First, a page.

In English, many things are named after a particular country – but have you ever wondered what those things are called in those countries?
1US(idiosyncrasy)it/he has its/his little crotchets! — ¡tiene sus mañas!
- Furthermore, a comparison of the way in which crotchets and quavers are notated makes it likely that the same scribe copied both works.
- He certainly captures the remoteness of that distant planet, with the relentless ‘processional’ of bass crotchets, which opens and concludes the piece.
- The process was simple: composers strictly followed the metre of the verse, setting long, accented syllables as minims, and short, unaccented ones as crotchets.
- In this connection it is noteworthy that the violins in bars 3-4 play in dotted crotchets, the three-eight equivalent of the original dotted minims.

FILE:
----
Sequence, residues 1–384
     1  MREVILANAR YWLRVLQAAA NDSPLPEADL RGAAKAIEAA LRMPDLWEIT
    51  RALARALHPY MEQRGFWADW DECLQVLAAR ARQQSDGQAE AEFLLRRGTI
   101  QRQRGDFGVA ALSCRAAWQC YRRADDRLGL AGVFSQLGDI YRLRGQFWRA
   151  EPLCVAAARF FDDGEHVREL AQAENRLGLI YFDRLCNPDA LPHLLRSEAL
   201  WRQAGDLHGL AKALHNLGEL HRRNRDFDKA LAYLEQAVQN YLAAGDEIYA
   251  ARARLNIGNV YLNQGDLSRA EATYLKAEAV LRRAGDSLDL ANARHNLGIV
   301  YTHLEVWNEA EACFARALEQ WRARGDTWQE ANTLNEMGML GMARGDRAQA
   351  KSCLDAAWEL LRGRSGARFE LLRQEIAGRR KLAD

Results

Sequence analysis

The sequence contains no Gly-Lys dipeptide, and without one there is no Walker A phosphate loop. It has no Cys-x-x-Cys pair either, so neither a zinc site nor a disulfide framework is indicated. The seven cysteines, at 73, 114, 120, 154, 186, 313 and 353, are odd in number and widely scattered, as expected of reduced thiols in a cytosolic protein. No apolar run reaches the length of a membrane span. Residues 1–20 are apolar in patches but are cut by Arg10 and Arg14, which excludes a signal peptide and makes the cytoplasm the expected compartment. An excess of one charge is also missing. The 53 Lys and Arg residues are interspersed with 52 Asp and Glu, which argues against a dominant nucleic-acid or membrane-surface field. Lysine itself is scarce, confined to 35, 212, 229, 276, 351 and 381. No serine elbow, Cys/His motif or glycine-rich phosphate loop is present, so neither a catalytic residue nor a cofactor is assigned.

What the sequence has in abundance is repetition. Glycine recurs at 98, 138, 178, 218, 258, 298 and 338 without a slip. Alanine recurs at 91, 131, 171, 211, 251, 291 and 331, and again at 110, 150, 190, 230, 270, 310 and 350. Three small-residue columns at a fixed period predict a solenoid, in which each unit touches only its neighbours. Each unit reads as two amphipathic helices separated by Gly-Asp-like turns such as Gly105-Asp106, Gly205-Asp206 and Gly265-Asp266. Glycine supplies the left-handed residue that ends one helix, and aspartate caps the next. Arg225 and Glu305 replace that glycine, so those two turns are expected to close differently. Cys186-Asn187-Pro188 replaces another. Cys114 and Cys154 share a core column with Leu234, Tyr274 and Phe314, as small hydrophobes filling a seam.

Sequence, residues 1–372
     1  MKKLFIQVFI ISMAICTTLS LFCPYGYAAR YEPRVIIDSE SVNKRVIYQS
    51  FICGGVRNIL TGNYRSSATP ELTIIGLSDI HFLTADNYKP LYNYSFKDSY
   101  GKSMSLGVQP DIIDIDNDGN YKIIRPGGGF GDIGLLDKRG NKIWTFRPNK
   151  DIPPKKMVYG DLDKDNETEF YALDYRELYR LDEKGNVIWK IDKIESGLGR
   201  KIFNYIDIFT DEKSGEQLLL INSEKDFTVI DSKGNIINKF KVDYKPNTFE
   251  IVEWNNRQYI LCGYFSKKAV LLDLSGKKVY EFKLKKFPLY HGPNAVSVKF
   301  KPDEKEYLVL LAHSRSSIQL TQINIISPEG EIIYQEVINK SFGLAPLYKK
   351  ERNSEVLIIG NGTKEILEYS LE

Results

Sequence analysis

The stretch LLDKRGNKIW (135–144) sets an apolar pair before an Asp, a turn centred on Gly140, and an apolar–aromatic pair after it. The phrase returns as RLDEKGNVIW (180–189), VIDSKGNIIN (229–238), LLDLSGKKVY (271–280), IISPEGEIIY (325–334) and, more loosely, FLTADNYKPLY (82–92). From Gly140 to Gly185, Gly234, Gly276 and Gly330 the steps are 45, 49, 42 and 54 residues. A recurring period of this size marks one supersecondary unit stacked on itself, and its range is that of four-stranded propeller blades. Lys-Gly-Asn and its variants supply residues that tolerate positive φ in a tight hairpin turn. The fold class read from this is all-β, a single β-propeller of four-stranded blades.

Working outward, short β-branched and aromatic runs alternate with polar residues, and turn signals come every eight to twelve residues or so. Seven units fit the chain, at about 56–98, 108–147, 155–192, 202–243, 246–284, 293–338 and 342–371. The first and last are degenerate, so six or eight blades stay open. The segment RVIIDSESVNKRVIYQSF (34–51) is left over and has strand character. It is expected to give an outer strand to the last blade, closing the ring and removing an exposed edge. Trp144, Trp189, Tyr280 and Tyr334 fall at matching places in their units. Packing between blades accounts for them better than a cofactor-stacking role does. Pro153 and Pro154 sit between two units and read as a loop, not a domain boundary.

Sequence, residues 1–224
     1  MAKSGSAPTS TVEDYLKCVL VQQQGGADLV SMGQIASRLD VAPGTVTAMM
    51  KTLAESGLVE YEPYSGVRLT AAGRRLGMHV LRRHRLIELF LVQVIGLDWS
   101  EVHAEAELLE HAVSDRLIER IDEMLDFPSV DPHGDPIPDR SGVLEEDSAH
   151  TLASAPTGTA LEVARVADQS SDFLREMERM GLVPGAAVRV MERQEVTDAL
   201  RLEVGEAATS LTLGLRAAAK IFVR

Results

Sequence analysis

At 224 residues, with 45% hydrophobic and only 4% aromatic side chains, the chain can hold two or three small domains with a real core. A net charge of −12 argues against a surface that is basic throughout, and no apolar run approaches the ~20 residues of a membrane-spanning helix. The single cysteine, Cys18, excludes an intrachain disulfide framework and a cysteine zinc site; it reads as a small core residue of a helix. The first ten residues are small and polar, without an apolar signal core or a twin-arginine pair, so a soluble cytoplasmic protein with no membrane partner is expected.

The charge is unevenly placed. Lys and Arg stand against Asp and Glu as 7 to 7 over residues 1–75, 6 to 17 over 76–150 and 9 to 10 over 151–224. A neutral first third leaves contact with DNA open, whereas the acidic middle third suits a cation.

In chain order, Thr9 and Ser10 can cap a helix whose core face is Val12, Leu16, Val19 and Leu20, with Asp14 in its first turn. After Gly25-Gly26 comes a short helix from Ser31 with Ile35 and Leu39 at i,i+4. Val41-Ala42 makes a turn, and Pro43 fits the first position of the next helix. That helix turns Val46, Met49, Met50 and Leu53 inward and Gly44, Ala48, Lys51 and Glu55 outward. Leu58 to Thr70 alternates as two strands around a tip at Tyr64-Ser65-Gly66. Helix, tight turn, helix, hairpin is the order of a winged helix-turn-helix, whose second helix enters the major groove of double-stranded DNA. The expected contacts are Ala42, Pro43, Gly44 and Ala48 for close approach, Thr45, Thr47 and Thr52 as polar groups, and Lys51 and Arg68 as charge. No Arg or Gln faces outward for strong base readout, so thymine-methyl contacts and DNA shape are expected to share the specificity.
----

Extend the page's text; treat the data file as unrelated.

- An F# major mode is set out in a layered contrapuntal texture, piccolo and violins marking the fast crotchet beat while glockenspiel, celesta and sampler cut across this with triplet rhythms and a few dissonant pitches.
English has borrowed many of the following foreign expressions of parting, so you’ve probably encountered some of these ways to say goodbye in other languages.
Many words formed by the addition of the suffix –ster are now obsolete - which ones are due a resurgence?
As their breed names often attest, dogs are a truly international bunch. Let’s take a look at 12 different dog breed names and their backstories.